The vicious jihad in the Central African Republic rages on. The media's silence is predictable and complicit. But give them time -- if they can spin in it a way that favors the Muslim murderers (as they are doing in Myanmar), then they will cover it every which way but loose.
Three pastors among dead in Central African Republic," By World Watch Monitor, December 13, 2013
Religious nature of conflict grows more apparent, as ex-Séléka rebels and anti-Balaka clash
Three pastors were among those killed in the recent interfaith violence in Bangui, the capital of the Central African Republic.
Pastors Raymond Doui, 46, Elisha Zama, 33, and Jean-Louis Makamba, 48, were killed on Dec. 5 as members of the disbanded Séléka rebel forces went on a rampage following an offensive by Christian-dominated anti-Balaka militias.
Doui, pastor of the Community of Independent Baptist Churches, died at his house in the northern suburb of Fondo. He leaves behind a wife and 11 children. Zama, of the Evangelical Church of the Brethren, was among those killed as ex-Séléka forces raided a hospital. He leaves a wife and five children. Makamba, pastor of the ELIM Church in the Begoua North area, was killed alongside one of his sons by former members of Séléka, which had entered the church compound. His wife and nine surviving children have fled, after hearing that the rebels were after them.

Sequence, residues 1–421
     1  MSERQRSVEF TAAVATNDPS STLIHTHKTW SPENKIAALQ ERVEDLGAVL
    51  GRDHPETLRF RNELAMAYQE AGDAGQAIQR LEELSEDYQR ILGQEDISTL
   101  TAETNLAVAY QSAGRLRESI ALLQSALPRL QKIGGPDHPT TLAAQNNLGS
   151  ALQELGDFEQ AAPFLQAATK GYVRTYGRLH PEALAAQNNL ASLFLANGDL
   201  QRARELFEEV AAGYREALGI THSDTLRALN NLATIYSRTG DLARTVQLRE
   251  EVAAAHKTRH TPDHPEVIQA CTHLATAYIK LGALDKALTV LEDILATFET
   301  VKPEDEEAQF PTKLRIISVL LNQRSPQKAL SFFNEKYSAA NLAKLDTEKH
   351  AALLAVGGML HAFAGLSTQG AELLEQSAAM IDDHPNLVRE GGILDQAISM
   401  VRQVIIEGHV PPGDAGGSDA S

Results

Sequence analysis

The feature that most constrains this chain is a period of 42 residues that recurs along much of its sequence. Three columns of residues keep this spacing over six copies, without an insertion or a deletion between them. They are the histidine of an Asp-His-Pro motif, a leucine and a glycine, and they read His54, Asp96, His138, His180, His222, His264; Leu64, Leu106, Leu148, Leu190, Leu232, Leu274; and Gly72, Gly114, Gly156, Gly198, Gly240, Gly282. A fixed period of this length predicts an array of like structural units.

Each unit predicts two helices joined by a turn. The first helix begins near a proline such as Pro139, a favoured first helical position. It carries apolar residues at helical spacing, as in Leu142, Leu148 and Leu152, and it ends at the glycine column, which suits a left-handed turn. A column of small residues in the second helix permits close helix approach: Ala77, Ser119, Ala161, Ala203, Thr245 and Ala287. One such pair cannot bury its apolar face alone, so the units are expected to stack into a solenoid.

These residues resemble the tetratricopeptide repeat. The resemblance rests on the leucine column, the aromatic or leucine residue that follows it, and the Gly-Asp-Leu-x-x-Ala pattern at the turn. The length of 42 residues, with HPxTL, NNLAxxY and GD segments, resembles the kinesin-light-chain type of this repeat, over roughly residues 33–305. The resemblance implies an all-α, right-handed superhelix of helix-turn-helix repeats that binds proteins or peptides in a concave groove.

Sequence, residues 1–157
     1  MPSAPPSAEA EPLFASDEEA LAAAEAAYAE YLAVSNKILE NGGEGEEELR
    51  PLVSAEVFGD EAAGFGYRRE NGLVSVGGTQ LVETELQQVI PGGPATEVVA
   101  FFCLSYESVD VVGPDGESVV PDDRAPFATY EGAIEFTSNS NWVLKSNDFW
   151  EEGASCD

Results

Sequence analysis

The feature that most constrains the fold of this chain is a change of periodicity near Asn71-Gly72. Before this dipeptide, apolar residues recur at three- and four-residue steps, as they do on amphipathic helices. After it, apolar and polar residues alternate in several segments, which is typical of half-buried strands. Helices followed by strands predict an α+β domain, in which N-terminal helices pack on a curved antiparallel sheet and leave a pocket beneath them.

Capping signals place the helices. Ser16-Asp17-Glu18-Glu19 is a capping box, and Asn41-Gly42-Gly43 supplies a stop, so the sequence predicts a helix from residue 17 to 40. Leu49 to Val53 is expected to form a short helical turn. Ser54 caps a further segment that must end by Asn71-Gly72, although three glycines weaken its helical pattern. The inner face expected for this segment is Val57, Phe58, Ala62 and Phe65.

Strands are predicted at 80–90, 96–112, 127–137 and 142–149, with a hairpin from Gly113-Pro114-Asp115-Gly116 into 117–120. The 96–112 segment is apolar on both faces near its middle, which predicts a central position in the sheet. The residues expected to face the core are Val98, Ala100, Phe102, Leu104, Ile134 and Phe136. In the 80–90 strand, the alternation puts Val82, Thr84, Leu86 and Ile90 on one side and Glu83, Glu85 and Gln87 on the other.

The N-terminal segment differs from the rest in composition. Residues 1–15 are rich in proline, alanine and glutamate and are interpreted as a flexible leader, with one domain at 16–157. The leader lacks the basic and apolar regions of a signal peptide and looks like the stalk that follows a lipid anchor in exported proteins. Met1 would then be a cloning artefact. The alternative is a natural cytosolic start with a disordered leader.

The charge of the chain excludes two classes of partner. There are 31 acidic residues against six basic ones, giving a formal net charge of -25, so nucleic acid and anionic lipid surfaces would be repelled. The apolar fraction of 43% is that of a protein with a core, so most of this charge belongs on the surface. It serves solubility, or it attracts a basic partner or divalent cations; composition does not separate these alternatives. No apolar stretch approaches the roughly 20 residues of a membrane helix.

“In spite of the arrival of the French and the beginning of the disarmament, the killings continue. The war has become purely religious. Anti-Balaka defensive forces attacked the ex-Seleka and other Muslims first. This invited terrible retaliation against the Christians. The ex-Seleka and Muslim men women and children armed with fire arms and machetes went from house to house killing Christians regardless of their age. The streets of Bangui are littered with corpses. The Red Cross buried hundreds of bodies in mass graves.
“Most people are hiding indoors. Some have fled into the bush and about 20,000 Christians fled to the church of Pastor Nicolas Guerékoyamé, the president of the Evangelical Alliance, because he is one of the religious leaders who always denounced the abuses of the ex-Seleka”.
The Central African Republic has been beset by violence since March, when a coalition of rebel groups, led by Michel Djotodia under the Séléka banner, drove out President Francois Bozizé.
Djotodia took control of a transitional government, but lost control of Séléka soldiers. He disbanded Séléka in September, but its members continued to loot, rape and murder Christians in particular. Since September, the mostly Christian and Animist local population have formed self-defence groups named anti-Balaka, which have attacked Muslims, in turn inviting brutal reprisals from ex-Séléka members and raising fears of inter-faith genocide.
On Dec. 5, the UN Security Council authorised the expansion of the African and French military forces currently attempting to maintain security in the CAR, and started planning for the possible conversion of those forces to a UN-managed peacekeeping operation.
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